Sri Lanka drops charges against former naval chief for 11 killings

The investigation against Admiral Wasantha Karannagoda was part of a case that highlighted extrajudicial killings during the nation’s 37-year ethnic war.

Sri Lankan authorities have dropped charges, including assassination conspiracy, against a former naval chief linked to 11 murders that drew international condemnation, the country’s attorney general announced.

The investigation against Admiral Wasantha Karannagoda was part of a case that highlighted extrajudicial executions during Sri Lanka’s 37-year ethnic war that ended in 2009.

Attorney General Sanjay Rajaratnam told the Court of Appeals on Wednesday that the state will not press charges against Karannagoda, who was first indicted in 2019.

A court official told AFP news agency that a lower court would soon remove Karannagoda, who is one of 14 people accused of abducting teenage children from wealthy families in 2008 and 2009 and killing them after extorting them.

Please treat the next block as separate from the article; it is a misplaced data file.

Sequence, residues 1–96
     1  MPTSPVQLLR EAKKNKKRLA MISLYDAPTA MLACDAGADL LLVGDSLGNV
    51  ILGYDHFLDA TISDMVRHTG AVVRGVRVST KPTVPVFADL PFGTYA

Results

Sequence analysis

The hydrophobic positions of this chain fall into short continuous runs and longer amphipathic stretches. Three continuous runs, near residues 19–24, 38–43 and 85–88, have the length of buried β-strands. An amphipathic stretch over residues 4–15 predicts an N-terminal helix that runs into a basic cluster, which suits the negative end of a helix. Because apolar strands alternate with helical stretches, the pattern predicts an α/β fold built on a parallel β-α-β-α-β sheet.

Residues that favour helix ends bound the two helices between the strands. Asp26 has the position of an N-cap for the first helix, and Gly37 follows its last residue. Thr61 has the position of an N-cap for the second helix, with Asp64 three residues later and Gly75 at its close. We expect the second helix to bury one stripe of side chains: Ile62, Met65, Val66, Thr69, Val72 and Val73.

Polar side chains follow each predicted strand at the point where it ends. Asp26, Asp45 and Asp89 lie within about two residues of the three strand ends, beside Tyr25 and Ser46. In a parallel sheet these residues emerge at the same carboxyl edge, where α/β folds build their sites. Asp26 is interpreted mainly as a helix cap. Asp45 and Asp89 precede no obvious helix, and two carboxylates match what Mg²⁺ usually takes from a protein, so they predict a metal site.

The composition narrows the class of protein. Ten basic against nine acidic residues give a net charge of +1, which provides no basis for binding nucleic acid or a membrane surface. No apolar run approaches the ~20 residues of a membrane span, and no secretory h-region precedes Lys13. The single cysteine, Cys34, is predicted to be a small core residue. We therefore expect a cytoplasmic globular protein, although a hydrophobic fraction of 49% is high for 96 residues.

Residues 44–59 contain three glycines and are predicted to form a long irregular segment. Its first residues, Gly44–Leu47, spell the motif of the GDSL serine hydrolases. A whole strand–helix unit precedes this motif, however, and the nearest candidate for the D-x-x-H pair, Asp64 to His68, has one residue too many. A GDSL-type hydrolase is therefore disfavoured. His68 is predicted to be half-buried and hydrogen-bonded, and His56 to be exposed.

He was charged with four counts, including conspiracy to murder, which carries the death penalty.

Human rights regulator Amnesty International urged the Sri Lankan authorities to explain why they dropped the case.

The murder of the 11 youths was raised at the UN Human Rights Council, which called for independent investigations into the atrocities committed during the separatist war.

Police told a court in 2019 that the 11 victims were killed while in the illegal custody of the Navy, although their bodies have never been found.

Investigators believe that the actual number of victims of kidnappings and murders is at least three times higher.

Police said the victims were not linked to ethnic Tamil separatist rebels and were abducted simply to extort money from families. Some died even after the cash was handed over to them.

Military figures have been widely accused of extrajudicial executions during the war.

The last days of the crackdown on the Tamils ​​were marked by serious abuses, according to human rights groups.

A UN panel has said that 40,000 civilians may have died in the final stages of the conflict.

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